This is the story of the pursuit of a dream. Spitfire PK350 is the only late-mark Spitfire, an F Mk 22, to have ever been restored to full flying status. She had no restrictions on her airframe and with four fully serviceable 20mm cannons, she was as good as the day she came off the production line in July 1945 near Birmingham, England.
She first flew as a restored aircraft on 29 March 1980 at the hands of one John McVicar “Jack” Malloch. By then a legend in his adopted country, Rhodesia, Malloch had in 1977 been entrusted by the hierarchy of the Rhodesian Air Force to restore SR64, as she was then known. In two and half years, Jack Malloch and his trusted engineers, with critical help from the Rhodesian and South African air forces, completely restored SR64 to flying condition. The fact that she was fitted with a propeller made by a German company added a sweet irony to a project that had to contend with sanctions imposed by Britain, the original country of manufacture, and highlighted the enterprising spirit of the team. This was possible because Malloch, with the backing of the Rhodesian government, had built up a successful charter airfreight company that assumed different guises, depending on where it was operating, to bypass sanctions. Malloch's network thus facilitated his quest to restore and once again fly a Spitfire such as he had flown in the RAF during the Second World War.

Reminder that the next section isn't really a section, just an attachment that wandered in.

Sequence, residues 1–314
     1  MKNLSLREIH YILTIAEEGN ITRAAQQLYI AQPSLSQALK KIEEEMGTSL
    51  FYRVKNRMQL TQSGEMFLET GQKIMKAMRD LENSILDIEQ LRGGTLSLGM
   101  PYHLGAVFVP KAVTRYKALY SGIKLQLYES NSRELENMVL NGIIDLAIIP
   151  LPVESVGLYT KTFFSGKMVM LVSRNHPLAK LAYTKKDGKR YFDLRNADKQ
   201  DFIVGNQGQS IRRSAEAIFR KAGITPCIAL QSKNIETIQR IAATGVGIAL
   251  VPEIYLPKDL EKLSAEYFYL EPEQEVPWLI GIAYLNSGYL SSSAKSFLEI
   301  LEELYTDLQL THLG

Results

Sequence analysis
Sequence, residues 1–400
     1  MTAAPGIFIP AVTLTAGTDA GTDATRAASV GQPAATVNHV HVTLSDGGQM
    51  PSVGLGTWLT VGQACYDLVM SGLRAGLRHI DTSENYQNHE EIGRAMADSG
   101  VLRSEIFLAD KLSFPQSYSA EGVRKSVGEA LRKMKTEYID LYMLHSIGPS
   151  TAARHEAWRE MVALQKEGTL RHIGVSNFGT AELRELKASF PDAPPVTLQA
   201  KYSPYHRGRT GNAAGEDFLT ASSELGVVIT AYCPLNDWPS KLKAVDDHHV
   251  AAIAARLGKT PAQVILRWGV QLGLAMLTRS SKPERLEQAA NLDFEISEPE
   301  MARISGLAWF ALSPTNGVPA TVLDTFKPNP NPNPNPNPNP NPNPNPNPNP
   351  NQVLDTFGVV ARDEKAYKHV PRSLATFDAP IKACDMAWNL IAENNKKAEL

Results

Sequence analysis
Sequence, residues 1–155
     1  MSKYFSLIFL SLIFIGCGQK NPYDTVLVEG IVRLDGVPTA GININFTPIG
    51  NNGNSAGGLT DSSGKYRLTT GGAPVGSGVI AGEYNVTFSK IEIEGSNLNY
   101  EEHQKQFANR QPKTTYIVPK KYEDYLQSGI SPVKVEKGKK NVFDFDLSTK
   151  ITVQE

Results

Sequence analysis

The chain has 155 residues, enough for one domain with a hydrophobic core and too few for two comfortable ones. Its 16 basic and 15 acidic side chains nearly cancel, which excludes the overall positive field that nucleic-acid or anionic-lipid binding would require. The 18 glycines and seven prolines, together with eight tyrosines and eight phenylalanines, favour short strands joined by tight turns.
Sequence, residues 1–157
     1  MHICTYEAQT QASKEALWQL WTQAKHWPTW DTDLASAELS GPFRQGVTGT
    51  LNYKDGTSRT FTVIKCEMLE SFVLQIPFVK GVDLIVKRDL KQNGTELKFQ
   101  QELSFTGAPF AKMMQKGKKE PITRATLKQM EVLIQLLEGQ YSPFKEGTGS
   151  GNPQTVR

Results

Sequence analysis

Some fascinating insights are revealed in this account. From the test pilot who first flew her as PK350 on 25 July 1945, the reader is taken on a journey through the aircraft's complete life, with the project's lead engineer and most of the surviving pilots who flew her gracing the story with their memories. For two years PK350 delighted those fortunate enough to see her fly, mostly around Salisbury (Harare) airport. Then, on what was planned to be its last flight, Malloch's Spitfire never returned to base.